A recently published study from investigators at Stanford University and in Lund University in Sweden used data from a large Swedish cohort study, birth records, and cancer registries to look for risk factors associated with development of non-Hodgkin lymphoma (NHL). The investigators evaluated the records of over 3.5 million people, including 936 with NHL, born between 1973 and 2008.
They reported that family history of NHL was associated with development of NHL in early life. Specifically, history of NHL in a sibling increased the risk of developing NHL roughly nine-fold while having a parent with NHL increased the risk of NHL roughly two-fold. Importantly, the overall incidence rate of NHL was 1.4 per 100,000 person-years (the number of people x the number of years of follow-up per person). Therefore, a two-fold increase, although statistically significant, would only have increased the rate to roughly 3 per 100,000 person years. Moreover, only 4 of the 936 cases had a sibling with NHL and 10 had a parent with NHL.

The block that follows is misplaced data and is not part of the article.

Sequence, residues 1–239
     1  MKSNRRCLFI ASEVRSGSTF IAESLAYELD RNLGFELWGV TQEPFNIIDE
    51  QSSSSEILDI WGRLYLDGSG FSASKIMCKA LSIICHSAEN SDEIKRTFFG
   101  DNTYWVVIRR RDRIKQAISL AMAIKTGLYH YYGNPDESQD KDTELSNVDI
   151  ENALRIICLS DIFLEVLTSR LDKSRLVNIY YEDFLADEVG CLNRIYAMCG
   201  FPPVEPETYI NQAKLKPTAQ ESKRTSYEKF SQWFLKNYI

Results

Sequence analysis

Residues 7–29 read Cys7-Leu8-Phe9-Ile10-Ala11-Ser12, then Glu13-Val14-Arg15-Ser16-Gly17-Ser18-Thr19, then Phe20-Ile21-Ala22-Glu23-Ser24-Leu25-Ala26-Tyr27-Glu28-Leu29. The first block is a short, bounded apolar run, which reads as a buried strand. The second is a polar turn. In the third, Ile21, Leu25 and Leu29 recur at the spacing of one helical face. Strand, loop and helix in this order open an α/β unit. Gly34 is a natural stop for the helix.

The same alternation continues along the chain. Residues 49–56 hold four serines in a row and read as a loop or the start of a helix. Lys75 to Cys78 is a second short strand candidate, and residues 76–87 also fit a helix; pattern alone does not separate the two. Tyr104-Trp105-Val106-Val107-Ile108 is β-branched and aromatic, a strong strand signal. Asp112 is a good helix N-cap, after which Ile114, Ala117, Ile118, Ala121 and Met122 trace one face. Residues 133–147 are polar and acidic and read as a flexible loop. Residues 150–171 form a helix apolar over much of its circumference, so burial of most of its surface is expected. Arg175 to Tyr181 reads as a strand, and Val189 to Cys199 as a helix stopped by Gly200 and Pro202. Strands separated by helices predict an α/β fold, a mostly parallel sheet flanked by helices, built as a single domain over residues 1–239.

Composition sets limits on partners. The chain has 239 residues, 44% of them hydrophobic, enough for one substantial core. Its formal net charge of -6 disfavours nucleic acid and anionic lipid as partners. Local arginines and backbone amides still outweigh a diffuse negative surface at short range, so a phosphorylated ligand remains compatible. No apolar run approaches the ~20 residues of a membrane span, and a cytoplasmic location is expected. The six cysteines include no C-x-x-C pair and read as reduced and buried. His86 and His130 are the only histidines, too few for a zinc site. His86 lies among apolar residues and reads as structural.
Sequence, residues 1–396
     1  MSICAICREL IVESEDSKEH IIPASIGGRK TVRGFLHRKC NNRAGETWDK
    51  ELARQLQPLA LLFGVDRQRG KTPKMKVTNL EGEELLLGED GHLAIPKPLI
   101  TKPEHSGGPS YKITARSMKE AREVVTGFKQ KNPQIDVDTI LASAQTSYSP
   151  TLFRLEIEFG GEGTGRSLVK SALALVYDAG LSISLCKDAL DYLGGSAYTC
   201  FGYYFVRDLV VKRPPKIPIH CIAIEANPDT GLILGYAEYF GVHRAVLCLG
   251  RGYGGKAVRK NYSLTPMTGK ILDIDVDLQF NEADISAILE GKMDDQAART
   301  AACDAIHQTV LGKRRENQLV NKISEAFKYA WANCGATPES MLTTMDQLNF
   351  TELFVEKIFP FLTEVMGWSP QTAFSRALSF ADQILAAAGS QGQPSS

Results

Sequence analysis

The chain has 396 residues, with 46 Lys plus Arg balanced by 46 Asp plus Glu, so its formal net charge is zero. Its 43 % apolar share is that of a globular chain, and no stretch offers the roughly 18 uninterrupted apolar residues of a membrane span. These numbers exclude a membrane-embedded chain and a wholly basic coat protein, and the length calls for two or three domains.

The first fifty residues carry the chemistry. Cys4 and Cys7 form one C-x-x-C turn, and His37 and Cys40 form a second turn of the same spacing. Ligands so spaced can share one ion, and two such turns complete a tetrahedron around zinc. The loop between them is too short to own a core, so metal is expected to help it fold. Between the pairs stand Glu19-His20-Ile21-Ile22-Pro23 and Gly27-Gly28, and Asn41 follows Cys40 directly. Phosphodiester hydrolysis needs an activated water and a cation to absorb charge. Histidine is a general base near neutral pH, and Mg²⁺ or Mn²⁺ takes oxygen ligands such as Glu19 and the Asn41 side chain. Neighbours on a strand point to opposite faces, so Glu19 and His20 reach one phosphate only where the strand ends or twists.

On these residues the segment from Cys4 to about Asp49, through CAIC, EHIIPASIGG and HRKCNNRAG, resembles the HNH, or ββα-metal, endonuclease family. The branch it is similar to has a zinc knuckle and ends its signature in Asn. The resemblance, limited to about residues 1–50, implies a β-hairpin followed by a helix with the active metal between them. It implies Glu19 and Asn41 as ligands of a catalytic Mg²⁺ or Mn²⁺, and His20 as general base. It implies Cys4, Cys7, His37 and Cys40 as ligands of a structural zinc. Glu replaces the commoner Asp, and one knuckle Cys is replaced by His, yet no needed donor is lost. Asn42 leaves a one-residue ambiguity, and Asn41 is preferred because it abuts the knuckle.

These small numbers, although statistically significant, make it difficult to make any definitive conclusions regarding the degree of risk. The lack of data regarding environmental exposures, infections, and other co-existing conditions (e.g., immunodeficiencies) make it difficult to determine whether the familial association of NHL is due to an inherited condition or some other unmeasured factor. Despite the issues, the results are consistent with the concept that genetic factors may contribute to NHL. It is possible that contemporary studies using next generation sequencing of the genomes of patients and family members could yield more conclusive results. The risks and benefits of such studies, however, need to be weighed very carefully.